Agent Orange Tied to Lethal Prostate Cancer
Findings from U.S. veterans should raise awareness of chemical warfare's hazards, researcher says
MONDAY, May 13, 2013 (HealthDay News) -- A link exists between exposure to Agent Orange and deadly forms of prostate cancer in U.S. veterans, according to a new study.
Agent Orange was a chemical spray that was heavily used during the Vietnam War era. It was often contaminated with dioxin, a potentially cancer-causing chemical. Previous research suggests that exposure to Agent Orange increases the risk of prostate cancer, but it wasn't known if it specifically increases the risk of more dangerous forms of the disease.
In this study, researchers looked at more than 2,700 U.S. veterans who underwent a prostate biopsy. Prostate cancer was diagnosed in 33 percent of the veterans, including 17 percent with high-grade disease, according to the study, which was published online May 13 in the journal Cancer.
Exposure to Agent Orange was linked with a 52 percent increase in overall prostate cancer risk, a 75 percent increased risk of high-grade prostate cancer and a more than doubled risk of the deadliest forms of the disease.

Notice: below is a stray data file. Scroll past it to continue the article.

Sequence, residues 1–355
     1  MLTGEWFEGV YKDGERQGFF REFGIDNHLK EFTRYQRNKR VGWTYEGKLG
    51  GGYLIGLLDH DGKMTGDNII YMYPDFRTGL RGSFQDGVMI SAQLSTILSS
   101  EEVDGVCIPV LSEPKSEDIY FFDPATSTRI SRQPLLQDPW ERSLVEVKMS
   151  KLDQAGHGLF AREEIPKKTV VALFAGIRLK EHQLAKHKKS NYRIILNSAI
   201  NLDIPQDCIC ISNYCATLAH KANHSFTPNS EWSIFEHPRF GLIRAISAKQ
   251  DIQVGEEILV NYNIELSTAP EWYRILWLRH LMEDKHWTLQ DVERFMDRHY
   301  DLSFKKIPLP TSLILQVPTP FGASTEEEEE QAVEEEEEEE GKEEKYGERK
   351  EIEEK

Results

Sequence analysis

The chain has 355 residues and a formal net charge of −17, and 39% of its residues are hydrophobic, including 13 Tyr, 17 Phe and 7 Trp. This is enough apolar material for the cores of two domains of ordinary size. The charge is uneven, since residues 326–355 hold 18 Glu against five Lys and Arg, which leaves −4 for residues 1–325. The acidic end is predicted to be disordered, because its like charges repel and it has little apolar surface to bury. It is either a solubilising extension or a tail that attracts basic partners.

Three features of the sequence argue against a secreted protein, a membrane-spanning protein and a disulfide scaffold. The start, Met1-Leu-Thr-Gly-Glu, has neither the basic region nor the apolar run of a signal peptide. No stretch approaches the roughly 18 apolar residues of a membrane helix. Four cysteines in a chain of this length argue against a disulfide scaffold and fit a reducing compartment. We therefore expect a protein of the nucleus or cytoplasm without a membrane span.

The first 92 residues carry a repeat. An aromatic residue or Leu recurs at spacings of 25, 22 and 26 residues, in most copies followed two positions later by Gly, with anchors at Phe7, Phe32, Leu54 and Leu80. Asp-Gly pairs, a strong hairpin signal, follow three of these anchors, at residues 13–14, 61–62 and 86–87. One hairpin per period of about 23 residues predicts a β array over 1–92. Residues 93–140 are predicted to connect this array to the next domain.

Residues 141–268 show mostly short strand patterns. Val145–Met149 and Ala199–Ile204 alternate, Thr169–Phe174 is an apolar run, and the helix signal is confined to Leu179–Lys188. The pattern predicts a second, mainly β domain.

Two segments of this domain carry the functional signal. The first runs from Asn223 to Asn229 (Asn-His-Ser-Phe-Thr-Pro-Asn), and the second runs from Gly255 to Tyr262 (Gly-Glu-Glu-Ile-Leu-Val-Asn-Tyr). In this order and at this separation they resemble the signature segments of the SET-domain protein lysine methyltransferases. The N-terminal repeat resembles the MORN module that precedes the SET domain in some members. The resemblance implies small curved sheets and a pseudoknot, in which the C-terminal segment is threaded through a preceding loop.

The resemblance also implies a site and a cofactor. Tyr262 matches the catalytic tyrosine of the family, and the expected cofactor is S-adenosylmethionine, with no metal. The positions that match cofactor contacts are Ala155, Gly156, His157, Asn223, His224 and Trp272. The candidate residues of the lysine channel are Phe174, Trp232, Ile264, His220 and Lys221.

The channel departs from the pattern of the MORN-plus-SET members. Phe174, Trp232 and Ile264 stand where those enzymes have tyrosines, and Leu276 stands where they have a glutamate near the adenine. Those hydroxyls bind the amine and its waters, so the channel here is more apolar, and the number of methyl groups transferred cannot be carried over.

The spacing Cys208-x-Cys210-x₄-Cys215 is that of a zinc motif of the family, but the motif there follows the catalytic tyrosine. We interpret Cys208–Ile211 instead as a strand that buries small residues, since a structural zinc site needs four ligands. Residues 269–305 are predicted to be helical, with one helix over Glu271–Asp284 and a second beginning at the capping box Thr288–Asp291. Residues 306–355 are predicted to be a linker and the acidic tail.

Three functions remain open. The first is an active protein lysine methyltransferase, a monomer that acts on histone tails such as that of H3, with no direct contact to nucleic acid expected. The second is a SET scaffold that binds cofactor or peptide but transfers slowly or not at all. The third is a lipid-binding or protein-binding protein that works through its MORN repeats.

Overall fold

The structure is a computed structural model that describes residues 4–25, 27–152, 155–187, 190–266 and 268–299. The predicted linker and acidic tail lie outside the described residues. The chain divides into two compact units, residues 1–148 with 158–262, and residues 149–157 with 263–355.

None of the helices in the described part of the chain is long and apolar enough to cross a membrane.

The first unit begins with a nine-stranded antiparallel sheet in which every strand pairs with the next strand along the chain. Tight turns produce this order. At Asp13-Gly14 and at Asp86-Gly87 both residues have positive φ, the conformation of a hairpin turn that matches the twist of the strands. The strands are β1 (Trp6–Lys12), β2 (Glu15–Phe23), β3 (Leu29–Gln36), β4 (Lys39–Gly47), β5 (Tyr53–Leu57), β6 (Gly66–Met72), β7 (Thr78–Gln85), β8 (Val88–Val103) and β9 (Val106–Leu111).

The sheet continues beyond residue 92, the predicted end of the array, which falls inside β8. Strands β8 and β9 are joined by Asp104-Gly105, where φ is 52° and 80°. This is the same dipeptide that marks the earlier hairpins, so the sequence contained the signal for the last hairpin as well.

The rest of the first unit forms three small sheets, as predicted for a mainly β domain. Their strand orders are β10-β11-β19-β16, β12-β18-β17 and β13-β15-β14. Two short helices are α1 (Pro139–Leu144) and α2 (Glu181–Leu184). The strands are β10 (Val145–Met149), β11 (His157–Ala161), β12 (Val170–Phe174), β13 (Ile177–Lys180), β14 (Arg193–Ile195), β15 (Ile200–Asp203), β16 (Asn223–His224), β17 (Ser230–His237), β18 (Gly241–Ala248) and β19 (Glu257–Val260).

The findings suggest that determining veterans' exposure to Agent Orange can help identify those who may be at increased risk for prostate cancer, leading to earlier detection and treatment, said Dr. Mark Garzotto, of the Portland Veterans Administration Medical Center and Oregon Health & Science University, and colleagues.
"It also should raise awareness about potential harms of chemical contaminants in biologic agents used in warfare and the risks associated with waste handling and other chemical processes that generate dioxin or dioxin-related compounds," Garzotto said in a journal news release.
The U.S. National Cancer Institute has more about prostate cancer.